Posted in: ATOTW > Intensive Care Medicine 2019 Language: english

Infective encephalitis is the acute, usually viral, infective inflammation of the brain parenchyma. A few patients will develop a severe manifestation and may deteriorate and require organ support. A low index of clinical suspicion and prompt antimicrobial treatment is crucial for the best chance of recovery without a disability. Management in the critical care setting focuses on treating the primary pathology whilst preventing secondary brain injury.

Posted in: ATOTW > Regional Anaesthesia 2019 Language: english

The use of perineural catheter could provide prolonged pain relief after major surgeries. The following tutorial covers the indications, techniques and the post operative management of patients with these catheters. Particular emphasis is on the safety aspect while the catheters are sited with strict aseptic precautions and clear instructions to prevent any complications.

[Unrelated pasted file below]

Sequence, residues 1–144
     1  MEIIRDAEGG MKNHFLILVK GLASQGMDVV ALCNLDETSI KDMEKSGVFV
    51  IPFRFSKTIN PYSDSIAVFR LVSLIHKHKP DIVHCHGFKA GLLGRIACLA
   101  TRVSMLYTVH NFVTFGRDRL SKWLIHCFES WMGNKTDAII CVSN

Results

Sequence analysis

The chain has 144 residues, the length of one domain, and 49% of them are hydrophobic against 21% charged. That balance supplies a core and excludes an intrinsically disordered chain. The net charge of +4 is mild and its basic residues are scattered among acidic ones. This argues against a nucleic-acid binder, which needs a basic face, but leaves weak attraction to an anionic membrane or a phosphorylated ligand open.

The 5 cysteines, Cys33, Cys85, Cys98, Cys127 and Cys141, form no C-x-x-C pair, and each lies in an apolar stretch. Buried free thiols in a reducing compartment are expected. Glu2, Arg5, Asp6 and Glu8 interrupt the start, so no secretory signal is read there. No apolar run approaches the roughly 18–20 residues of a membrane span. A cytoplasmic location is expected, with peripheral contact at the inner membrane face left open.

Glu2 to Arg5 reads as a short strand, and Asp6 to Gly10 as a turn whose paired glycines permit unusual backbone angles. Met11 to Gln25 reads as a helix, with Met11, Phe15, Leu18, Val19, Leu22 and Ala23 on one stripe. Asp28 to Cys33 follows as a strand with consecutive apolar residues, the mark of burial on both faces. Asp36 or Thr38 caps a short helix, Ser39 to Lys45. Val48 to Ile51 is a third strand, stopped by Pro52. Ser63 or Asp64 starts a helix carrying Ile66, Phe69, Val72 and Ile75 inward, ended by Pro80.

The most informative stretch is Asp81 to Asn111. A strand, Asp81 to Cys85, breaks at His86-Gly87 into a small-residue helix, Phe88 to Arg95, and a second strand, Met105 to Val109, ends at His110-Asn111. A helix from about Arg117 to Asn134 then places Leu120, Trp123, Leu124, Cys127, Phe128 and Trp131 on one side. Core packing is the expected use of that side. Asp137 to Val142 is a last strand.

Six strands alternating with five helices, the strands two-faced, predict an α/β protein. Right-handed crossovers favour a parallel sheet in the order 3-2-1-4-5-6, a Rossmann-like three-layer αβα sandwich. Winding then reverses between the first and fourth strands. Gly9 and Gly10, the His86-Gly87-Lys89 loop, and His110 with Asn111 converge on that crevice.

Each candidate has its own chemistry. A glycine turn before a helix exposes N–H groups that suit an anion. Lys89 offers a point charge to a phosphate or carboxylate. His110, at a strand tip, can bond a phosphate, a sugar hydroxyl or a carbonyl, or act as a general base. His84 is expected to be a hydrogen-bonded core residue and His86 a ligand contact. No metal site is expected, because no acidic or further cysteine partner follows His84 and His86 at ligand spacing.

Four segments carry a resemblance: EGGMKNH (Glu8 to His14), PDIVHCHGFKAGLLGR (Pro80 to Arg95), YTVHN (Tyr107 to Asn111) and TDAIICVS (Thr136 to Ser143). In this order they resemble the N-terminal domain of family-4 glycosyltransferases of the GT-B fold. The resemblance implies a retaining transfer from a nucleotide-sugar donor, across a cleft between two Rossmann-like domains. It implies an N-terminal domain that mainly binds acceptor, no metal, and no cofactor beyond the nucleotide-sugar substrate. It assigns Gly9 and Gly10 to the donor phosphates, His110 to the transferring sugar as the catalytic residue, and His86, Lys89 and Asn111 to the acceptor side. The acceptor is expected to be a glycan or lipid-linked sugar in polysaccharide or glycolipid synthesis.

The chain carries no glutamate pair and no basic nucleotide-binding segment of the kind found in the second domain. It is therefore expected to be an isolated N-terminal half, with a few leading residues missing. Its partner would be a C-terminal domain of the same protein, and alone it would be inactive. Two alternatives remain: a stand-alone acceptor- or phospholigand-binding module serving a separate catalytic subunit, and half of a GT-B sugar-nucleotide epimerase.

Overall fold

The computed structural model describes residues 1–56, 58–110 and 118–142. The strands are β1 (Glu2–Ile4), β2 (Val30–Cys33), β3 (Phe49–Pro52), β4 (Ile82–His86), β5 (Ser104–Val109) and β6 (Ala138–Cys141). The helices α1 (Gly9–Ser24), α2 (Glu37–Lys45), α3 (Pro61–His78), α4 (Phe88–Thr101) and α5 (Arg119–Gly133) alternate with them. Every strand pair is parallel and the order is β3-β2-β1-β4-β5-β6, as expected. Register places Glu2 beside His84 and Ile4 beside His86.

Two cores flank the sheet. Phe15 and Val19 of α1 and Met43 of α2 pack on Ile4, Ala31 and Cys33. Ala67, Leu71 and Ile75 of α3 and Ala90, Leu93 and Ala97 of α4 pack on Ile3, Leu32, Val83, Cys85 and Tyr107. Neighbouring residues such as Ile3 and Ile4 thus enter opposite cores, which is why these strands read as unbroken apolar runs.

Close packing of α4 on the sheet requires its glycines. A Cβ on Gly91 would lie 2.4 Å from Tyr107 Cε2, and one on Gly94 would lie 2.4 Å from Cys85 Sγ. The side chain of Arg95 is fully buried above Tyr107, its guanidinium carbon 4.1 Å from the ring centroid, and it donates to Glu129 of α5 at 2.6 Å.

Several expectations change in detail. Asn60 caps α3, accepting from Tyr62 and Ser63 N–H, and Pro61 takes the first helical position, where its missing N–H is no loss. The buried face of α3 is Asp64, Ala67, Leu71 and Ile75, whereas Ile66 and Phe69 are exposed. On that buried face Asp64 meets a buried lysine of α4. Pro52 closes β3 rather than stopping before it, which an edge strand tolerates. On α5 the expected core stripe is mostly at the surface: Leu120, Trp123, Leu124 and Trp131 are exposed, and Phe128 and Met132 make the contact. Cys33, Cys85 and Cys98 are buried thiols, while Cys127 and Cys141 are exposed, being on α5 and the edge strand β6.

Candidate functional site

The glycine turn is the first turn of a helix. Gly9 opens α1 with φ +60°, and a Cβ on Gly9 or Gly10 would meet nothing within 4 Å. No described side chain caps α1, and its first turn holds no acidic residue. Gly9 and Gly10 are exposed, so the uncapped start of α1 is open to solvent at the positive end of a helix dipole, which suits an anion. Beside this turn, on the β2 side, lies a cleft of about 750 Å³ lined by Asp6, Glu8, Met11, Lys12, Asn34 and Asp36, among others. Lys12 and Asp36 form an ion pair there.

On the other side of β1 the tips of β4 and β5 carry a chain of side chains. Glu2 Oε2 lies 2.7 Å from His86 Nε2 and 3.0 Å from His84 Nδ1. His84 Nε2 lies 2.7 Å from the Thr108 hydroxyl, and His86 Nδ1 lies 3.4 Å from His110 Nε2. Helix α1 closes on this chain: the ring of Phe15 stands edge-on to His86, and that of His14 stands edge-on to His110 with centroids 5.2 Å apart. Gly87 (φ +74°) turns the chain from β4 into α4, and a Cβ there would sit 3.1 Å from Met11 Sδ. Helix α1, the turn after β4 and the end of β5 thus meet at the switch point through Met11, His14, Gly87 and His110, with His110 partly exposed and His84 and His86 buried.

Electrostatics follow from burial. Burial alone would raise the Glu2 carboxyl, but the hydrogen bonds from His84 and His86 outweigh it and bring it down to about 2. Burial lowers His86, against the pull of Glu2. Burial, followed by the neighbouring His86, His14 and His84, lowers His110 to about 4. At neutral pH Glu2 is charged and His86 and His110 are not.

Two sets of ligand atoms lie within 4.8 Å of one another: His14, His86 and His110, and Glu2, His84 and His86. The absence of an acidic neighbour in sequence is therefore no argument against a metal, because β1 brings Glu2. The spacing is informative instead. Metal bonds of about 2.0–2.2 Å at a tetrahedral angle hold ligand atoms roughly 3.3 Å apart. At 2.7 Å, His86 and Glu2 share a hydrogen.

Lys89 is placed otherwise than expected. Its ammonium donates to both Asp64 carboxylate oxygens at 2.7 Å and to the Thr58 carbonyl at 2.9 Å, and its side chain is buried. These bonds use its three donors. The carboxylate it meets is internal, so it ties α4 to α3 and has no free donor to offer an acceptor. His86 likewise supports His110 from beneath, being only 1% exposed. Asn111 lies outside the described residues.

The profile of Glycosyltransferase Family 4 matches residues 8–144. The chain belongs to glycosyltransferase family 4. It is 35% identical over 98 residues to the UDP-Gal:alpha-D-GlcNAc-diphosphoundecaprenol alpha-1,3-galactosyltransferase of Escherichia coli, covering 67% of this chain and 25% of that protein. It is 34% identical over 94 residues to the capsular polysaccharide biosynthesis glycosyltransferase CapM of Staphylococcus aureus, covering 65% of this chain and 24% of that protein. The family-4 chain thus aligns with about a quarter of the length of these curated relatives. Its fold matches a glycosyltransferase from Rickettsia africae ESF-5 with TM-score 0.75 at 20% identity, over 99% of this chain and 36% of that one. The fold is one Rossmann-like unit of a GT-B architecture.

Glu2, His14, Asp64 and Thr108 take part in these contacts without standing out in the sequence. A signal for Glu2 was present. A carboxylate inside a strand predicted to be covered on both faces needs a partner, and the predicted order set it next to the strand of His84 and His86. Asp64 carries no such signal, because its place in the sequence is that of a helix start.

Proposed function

Posted in: ATOTW > Anaesthesia 2019 Language: english

ARDS is a syndrome of hypoxaemic respiratory failure associated with non-cardiogenic pulmonary oedema which occurs in 10% of ICU patients. ARDS is often associated with multiple organ dysfunction and carries a high mortality, morbidity and financial cost. Due to its prevalence in the critical care patient population, it is important for physicians to understand some principles of management that may help reduce the mortality and morbidity of the syndrome.

Posted in: UIA > Obstetric Anaesthesia 2019 Language: english

Postpartum hemorrhage remains the leading cause of maternal mortality and morbidity. Oxytocic drugs are the main stay in prevention as well as treatment. Oxytocin remains the drug of choice

Posted in: UIA > Obstetric Anaesthesia 2019 Language: english

Deaths of babies in the first 28 days of life in resource-limited countries can be significantly reduced with a small number of low-tech interventions. This article summarises the core equipment and skills needed for the resuscitation of newborns where equipment is limited and skilled paediatric support is not available.